The current debate in American education is how much a teacher influences a child’s success in school. We are about to see whether that impact can be quantified in a grand national experiment with value-added measures.
But yet to be understood or even much considered is the role, if any, that the school building itself plays in student success. A new study out of Britain suggests that the classroom environment — defined as classroom orientation, natural light and noise, temperature and air quality, color usage, organization flexibility of space and storage facilities — can affect a child’s academic growth by as much as 25 percent in a year.
Schools in fast-growing metro Atlanta have spent a lot of time reassuring parents that their children don’t suffer from attending classes in trailers. One of my children spent a year in a trailer. He never had much of a reaction to the tight space, but I found it oppressive. Outside trailers seem disconnected from the schools in both real and intangible ways.
Many adults maintain that environment is critical to their productivity. I know writers who have to work in bright rooms awash in light. But I know others who prefer to labor in cave-like settings. In my own office, it’s always interesting to witness the individual attempts to personalize work stations. We work in a large open room with contiguous desks. (My only individualization is the stack of Diet Coke cans that I have yet to bring home to recycle.)
In a pilot study by the University of Salford and architects, Nightingale Associates, it was found that the classroom environment can affect a child’s academic progress over a year by as much as 25 percent. The year-long pilot study was carried out in seven Blackpool LEA primary schools. 34 classrooms with differing learning environments and age groups took part.
The study took two lines of enquiry. The first was to collect data from 751 pupils, such as their age, gender and performance level in maths, reading and writing at the start and end of an academic year.
The second evaluated the holistic classroom environment, taking into account different design parameters such as classroom orientation, natural light and noise, temperature and air quality. Other issues such as flexibility of space, storage facilities and organization, as well as use of color were evaluated. This holistic assessment includes both classroom design and use factors to identify what constitutes an effective learning environment.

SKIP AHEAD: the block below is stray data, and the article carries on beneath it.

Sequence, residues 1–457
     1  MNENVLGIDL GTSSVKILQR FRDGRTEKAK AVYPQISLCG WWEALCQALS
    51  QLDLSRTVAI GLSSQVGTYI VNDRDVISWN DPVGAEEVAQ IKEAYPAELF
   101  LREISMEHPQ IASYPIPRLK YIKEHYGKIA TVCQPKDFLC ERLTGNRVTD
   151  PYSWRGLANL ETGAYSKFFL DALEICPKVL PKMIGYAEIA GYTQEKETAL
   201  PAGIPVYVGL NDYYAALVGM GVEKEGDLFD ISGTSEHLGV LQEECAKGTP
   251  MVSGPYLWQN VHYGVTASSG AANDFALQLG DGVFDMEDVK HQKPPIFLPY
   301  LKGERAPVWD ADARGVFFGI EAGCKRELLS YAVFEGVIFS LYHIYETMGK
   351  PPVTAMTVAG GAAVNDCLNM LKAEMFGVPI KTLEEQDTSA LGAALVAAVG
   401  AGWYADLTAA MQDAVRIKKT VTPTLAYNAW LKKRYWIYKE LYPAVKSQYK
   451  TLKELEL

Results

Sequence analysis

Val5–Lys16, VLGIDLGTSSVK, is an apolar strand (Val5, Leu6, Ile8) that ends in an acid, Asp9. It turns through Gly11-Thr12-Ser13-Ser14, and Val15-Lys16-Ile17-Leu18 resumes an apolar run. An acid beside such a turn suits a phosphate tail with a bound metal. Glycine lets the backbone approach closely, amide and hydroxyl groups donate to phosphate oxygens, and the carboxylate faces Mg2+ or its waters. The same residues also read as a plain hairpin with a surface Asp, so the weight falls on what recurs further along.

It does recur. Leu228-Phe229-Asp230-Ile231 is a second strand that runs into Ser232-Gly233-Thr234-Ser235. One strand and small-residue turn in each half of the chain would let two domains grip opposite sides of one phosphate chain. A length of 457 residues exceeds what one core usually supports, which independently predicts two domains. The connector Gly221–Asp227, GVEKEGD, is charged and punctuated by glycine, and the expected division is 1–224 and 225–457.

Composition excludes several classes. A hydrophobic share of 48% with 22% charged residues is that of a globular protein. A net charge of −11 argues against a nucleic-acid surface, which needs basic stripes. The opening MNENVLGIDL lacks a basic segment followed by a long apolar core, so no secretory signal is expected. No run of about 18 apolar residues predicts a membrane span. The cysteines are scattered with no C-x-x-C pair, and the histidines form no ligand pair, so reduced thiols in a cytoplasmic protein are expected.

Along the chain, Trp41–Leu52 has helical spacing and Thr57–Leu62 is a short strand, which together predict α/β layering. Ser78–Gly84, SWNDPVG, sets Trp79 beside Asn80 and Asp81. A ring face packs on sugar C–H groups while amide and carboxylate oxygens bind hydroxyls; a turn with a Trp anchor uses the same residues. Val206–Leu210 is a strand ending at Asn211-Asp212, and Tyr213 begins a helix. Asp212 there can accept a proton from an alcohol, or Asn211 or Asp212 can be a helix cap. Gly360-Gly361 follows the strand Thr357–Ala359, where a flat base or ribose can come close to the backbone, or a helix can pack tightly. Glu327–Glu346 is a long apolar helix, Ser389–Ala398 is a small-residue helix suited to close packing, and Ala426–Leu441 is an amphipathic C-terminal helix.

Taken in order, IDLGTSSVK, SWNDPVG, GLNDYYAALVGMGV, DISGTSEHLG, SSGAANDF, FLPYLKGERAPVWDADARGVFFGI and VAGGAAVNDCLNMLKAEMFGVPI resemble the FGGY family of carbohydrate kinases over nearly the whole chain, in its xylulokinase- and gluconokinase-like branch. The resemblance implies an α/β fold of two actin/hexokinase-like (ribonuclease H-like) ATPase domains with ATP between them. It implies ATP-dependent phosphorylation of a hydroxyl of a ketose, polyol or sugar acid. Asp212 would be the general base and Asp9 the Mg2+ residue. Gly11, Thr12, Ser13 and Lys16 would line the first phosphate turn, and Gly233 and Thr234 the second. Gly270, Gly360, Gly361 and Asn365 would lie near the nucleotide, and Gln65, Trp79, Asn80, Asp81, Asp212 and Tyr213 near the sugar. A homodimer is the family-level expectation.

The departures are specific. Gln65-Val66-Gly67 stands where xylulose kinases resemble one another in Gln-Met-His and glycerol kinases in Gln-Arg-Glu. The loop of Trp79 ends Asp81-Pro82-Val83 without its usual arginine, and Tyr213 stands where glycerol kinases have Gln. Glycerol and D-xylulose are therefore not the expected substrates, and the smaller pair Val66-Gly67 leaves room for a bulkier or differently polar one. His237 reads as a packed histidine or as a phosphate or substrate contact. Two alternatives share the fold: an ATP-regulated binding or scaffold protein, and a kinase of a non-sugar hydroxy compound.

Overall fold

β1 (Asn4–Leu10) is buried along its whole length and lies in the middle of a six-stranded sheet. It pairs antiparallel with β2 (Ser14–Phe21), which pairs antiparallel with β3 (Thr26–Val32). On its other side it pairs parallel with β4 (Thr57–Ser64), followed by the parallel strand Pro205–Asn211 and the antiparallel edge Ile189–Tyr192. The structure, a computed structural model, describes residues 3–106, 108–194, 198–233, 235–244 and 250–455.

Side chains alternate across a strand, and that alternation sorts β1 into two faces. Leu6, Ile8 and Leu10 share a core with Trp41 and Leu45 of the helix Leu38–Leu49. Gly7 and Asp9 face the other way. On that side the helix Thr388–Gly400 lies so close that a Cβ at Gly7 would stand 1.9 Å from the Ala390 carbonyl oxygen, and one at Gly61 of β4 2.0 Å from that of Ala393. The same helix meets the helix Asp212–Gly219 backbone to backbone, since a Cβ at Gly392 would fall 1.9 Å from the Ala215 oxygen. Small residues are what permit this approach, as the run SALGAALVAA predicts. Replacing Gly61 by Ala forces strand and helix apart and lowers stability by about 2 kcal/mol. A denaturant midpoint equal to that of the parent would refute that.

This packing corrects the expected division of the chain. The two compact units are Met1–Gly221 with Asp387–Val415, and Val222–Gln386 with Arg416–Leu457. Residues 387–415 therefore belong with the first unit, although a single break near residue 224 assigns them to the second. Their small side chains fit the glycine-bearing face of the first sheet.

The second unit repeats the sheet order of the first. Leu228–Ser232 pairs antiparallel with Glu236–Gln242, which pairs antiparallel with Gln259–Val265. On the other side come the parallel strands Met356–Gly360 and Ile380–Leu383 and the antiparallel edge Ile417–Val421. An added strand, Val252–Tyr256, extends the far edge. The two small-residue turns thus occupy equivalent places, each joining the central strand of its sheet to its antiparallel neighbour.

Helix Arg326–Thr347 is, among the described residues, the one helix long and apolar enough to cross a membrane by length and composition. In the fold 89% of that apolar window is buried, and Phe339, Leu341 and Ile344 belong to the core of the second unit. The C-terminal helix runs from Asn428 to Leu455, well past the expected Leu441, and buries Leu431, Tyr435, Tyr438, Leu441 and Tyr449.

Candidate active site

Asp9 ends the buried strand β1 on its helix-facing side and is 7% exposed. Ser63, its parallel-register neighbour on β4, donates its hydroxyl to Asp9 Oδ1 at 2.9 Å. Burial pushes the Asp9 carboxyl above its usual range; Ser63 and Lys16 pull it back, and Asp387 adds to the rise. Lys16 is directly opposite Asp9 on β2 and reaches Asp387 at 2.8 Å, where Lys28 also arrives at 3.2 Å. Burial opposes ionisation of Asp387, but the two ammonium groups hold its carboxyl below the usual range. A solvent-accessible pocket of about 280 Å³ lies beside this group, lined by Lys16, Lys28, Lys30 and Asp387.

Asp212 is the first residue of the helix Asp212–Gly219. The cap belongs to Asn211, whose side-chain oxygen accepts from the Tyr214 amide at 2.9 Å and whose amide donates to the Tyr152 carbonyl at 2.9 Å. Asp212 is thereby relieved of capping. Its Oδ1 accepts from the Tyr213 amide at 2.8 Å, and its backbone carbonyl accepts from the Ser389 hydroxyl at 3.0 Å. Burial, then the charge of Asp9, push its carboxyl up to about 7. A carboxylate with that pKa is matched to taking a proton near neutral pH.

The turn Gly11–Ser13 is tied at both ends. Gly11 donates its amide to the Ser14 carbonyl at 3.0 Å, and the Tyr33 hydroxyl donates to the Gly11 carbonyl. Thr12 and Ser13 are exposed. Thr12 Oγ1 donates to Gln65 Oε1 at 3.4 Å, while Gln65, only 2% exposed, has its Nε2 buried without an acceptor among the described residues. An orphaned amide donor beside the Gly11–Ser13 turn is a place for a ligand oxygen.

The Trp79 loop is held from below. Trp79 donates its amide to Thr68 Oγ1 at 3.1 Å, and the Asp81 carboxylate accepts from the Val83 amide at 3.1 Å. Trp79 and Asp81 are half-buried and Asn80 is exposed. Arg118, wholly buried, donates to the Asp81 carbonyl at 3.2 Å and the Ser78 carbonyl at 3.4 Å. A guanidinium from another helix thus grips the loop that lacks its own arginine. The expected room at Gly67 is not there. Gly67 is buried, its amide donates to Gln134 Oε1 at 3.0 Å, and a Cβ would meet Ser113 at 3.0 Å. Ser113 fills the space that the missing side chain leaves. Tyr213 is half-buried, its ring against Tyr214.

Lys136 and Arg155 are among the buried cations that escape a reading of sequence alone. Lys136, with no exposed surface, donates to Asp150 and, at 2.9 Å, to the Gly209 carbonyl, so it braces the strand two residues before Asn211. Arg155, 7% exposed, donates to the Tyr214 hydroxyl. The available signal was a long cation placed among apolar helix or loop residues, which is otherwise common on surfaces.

Notably, 73 percent of the variation in pupil performance driven at the class level can be explained by the building environment factors measured in this study. Current findings suggest that placing an average pupil in the least effective, rather than the most effective classroom environment could affect their learning progress by as much as the average improvement across one year.
Professor Peter Barrett, School of the Built Environment, University of Salford said: “It has long been known that various aspects of the built environment impact on people in buildings, but this is the first time a holistic assessment has been made that successfully links the overall impact directly to learning rates in schools. The impact identified is in fact greater than we imagined and the Salford team is looking forward to building on these clear results.”
Design Research Lead, Caroline Paradise from Nightingale Associates, said: “We are excited by these early findings which suggest that the classroom plays an important role in pupil performance. This will support designers and educators in targeting investment in school buildings to where it will have the most impact, whether new build or refurbishment.”
Through these promising findings, the study will continue for another 18 months and cover another 20 schools in different areas of the UK.
The British study earned a write-up in Huffington Post, which includes a wonderful slide show on innovative and dreamy schools designs from around the world.
Huffington Post notes:
The Salford-Nightingale findings come as an estimated 14 million children in the United States attend crumbling public schools with leaking roofs, moldy walls and dangling ceiling tiles, among other deteriorations. The National Education Association, the country’s largest teachers union, says the situation has gotten so bad that at least one-third of the United States’ 80,000 public schools need ‘extensive’ repair.
A 2007 Department of Education survey found that 43 percent of schools in the U.S. see the condition of their buildings as ‘interfering with the ability of the school to deliver instruction.’ The effects of such conditions were reported to range from lower student achievement to reduced teacher productivity. Just refurbishing those schools into ‘good overall condition,’ however, would require $127-322 billion in spending, according to the National Center for Education Statistics.
–From Maureen Downey, for the AJC Get Schooled blog